Gio's Nats teammates express pride in pitcher
VIERA, Fla. -- The Nationals were impressed with how left-hander Gio Gonzalez performed against Puerto Rico in the World Baseball Classic on Tuesday.
Gonzalez pitched five shutout innings as the Americans defeated Puerto Rico, 7-1, at Marlins Park. Gonzalez grew up in Hialeah, Fla., which is 10 miles from the ballpark.
Relievers Craig Stammen and Tyler Moore watched the Classic game together at a restaurant and noticed how dominant Gonzalez was in the game.
"It was good to see him handle the situation with a lot on the line," Stammen said. "He performed probably the best I've seen him perform in that situation. He usually throws a lot of fastballs and then, later on, mixes in his curveball. That makes him pretty unhittable. Last night, his fastball was really good. It was down and away, down and in. They couldn't hit his curveball because of that."
Said Clippard, "He looked unbelievable. He was putting his fastball wherever he wanted it. His breaking stuff, he was putting away guys. He threw a lot more changeup than I'm used to seeing him throw. It was a great outing. I was happy for him and the USA team, but it's good for us if he stays on that level."
Ohlendorf finishes strong vs. Astros
KISSIMMEE, Fla. -- Four batters into Ross Ohlendorf's split-squad start against the Astros on Wednesday, the Nationals athletic trainer came to the mound to visit him.
That's never a good sign, but it turned out to be only a broken fingernail. The right-hander settled down after allowing four runs in the first, getting double-play grounders in both the second and third innings of a 9-7 win over Houston at Osceola County Stadium. And that, he said, was something positive he could take from the outing.
"I was really happy with my sinker. I thought it was really good," Ohlendorf said. "I've had a good sinker in the past. I haven't had it the last few seasons. It didn't move very well. And now I feel like it's really come back. I would have liked to have pitched better, but I got some double plays, which was nice."
Said coach Randy Knorr, who managed the traveling team: "He was really trying to force [the sinker] in the first inning and trying to make too fine of pitches. He went back out in the next couple innings and really just let his sinker go, and it showed up and made him effective. He just ran out of pitches."
Ohlendorf, 30, had some success with the Pirates before shoulder problems landed him on the disabled list twice in the last two seasons. He was with the Padres in 2012 and is now a non-roster invitee for the Nationals, who hope he can provide some depth for the rotation. So even though he threw 60 pitches (33 strikes) in his three innings, he's encouraged because his arm feels good and his sinker is sinking again. He ran into trouble when he got behind in the count and also made a couple of mistakes with his off-speed pitches.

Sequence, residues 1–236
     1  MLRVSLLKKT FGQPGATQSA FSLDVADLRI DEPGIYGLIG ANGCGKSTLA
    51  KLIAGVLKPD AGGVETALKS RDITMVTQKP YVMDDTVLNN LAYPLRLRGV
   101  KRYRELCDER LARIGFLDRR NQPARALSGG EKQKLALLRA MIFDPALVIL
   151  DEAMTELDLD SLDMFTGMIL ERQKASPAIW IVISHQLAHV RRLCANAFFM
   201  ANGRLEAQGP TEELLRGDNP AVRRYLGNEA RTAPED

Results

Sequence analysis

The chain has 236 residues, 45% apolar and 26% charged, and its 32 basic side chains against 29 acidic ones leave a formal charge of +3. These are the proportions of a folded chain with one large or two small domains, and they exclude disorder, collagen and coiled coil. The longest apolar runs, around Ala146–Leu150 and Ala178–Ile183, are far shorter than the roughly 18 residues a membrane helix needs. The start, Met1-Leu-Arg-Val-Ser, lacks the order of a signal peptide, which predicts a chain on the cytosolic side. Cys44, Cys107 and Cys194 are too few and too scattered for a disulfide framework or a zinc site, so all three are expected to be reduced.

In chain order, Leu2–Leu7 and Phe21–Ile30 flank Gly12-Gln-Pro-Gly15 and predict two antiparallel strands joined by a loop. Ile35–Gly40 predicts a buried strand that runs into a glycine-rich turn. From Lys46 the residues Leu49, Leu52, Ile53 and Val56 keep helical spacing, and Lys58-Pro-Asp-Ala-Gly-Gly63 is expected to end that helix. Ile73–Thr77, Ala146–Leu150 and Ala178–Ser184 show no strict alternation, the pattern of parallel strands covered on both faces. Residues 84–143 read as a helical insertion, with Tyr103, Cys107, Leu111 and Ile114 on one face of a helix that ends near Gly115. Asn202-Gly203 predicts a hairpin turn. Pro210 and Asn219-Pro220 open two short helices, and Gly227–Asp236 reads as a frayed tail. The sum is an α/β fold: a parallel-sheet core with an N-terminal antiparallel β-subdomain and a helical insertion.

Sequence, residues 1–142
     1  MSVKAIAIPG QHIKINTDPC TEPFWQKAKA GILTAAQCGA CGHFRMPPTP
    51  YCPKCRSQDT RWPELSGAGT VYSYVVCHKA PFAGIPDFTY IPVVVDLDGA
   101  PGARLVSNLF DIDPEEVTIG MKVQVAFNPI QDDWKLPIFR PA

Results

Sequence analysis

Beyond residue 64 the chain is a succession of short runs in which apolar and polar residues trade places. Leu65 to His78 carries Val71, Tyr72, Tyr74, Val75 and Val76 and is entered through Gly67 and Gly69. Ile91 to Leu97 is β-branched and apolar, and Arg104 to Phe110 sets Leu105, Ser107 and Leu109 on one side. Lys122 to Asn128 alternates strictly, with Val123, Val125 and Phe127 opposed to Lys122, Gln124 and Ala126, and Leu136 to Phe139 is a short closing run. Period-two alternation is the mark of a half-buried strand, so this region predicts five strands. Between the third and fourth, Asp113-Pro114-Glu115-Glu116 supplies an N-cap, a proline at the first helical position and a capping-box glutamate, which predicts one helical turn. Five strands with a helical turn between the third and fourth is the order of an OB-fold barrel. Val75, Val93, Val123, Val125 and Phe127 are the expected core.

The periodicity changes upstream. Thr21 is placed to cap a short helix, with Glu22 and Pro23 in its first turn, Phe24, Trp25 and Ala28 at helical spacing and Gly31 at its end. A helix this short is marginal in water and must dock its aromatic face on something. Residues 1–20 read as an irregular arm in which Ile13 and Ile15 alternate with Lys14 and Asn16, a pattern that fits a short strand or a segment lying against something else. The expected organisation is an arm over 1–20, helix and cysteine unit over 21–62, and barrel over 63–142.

"I'd like to make a good impression so that if they need me during the season, I'll be ready," he said. "I'm just pitching when they ask me to and trying to do my best."
• Micah Owings, a non-roster invitee who is trying to make the transition from pitcher to position player, started in left field and went 3-for-5 with a pair of doubles and two RBIs to lift his Grapefruit League average to .333.
• Nationals catcher Wilson Ramos will start his second consecutive game against the Astros on Thursday. It will mark the first time this spring Ramos will play back-to-back games. Manager Davey Johnson declined to say who will be his starting catcher for Opening Day against the Marlins. Ramos is competing against Kurt Suzuki.
• Johnson said that third baseman Ryan Zimmerman is still slated to play defense for the first time this spring on Monday against the Tigers.
• Johnson said starting Thursday his power relievers -- Drew Storen, Tyler Clippard and Rafael Soriano -- will pitch every other day during the rest of spring.
Bill Ladson is a reporter for MLB.com and writes an MLBlog, All Nats All the time. He also could be found on Twitter @WashingNats. Paul Hagen is a reporter for MLB.com. This story was not subject to the approval of Major League Baseball or its clubs.